Putting this together with my first point, an actor must be confidently vulnerable. That is a tough thing to be!
4. Discomfort with language. This is easy for me to spot, because I mostly direct Shakespeare, but it’s an issue no matter who wrote the script, because words are the actor’s main tools. Some people are comfortable with words: they know how to use them as weapons and aphrodisiacs. Some people love feeling words in their mouths, rolling off their tongues, broadcasting outward. Others trip over them.
5. Discomfort with their bodies. Actors can be of any physical type. There are great skinny actors, great fat actors, great tall actors, great short actors, great beautiful actors and great ugly actors. But however they look, they need to own it and know how to work it. (See John Goodman.)
6. Untrained voices. Humans have a huge vocal range, but most people don’t use theirs. Since an actor’s main tool is speech, he must know how to, in Shakespeare’s words, “Speak the speech … trippingly on the tongue.” (Please get some vocal training, Keanu!)
7. Over-trained voices. On the other hand, you can go too far, training your voice into something that sounds unnatural and actorly, as William Shatner did when he was younger. And thank goodness Vincent Price mostly worked on schlocky horror films. If you want to hear two beautiful (for normal-sounding) voices, see Henry Fonda and Tony Curtis in “The Boston Strangler” or Kenneth Branagh in anything.
8. Pre-planning. Good actors spend a lot of time thinking about motivation, movement, ways to say lines … and then they let it all go and just see what happens. The point of preparation is to make your mind as ready as possible to be unleashed. But if you don’t unleash it, nothing surprising or dangerous can happen. Bad actors don’t understand that planning is the groundwork for inspiration. They stick to the plan, no matter what happens. This is yet another way to escape from vulnerability.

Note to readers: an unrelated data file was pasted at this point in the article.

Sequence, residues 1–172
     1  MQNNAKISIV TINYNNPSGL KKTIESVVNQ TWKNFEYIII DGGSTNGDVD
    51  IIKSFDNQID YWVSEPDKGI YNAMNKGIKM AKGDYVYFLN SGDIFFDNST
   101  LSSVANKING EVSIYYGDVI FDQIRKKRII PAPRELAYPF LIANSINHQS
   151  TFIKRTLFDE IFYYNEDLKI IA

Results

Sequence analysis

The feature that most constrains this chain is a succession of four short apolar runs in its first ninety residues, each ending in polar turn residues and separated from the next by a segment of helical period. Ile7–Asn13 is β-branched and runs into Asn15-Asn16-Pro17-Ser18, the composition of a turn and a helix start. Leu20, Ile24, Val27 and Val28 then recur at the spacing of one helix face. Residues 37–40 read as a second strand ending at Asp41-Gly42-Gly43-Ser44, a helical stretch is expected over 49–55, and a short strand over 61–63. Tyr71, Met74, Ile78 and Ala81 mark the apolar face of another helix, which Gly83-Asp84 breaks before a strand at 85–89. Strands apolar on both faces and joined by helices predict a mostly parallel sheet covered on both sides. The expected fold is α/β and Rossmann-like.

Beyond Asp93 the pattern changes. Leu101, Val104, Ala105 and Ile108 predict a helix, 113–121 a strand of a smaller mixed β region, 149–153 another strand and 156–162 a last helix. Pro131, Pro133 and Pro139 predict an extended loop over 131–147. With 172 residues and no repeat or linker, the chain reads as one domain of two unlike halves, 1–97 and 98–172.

9. Bad actors don’t listen. They deliver a line, pause for the other actor to speak, and then deliver their next line. When they’re not “on,” they’re off. Good actors know that speaking is just 50% of the job. Listening is equally important. Notice how often, in a film, the shot is the listener, not the speaker. Notice how often, when you see live theatre, your eye is drawn to the actor receiving information. You can’t easily fake listening. You have to really do it. It’s dangerous, because if you listen, and the actor you’re listening to speaks in a way he’s never spoken before, you may have to stray from your plan when you respond. See point #8.
10. Bad actors don’t warm up. This only applies to the stage, but it’s crucial. When actors don’t spend ten minutes (or however long they need) vocally and physically warming up, they are not ready to start when the show starts. And then what happens is that the first ten minutes become the warmup. Have you ever seen a play that was good — but it didn’t really click until ten or twenty minutes in? That’s often because the cast didn’t warm up before. Instead, they did it on your time (and on your dime).
In acting school, actors learn to warm up. Too many of them quit doing it once they graduate, hubristically saying, “I don’t need to warm up.” They think of warmups as schoolish and childish. They think they can get away with hanging out in their dressing rooms, chatting and eating pizza — and then strolling onto the stage. They can’t.
Contrast them with Derek Jacobi, who used to speak the entire text of “King Lear” — well, his part in it, anyway (he was playing Lear) — before the show started. By the time the audience arrived, he was “in the zone.”
11. Finally, good actors are smart, have great taste, love collaborating, are extremely hard-working, are humble (not divas), are generous, are inventive, are playful, are adventurous, have sense of timing, and a sense of humor. Bad actors are lacking one or more of those traits.